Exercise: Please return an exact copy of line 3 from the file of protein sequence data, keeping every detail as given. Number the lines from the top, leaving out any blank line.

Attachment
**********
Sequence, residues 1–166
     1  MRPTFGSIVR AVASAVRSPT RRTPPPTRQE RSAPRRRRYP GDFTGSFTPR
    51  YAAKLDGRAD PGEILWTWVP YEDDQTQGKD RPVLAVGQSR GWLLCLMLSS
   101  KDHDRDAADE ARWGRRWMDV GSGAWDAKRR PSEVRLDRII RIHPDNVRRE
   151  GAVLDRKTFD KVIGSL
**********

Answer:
    51  YAAKLDGRAD PGEILWTWVP YEDDQTQGKD RPVLAVGQSR GWLLCLMLSS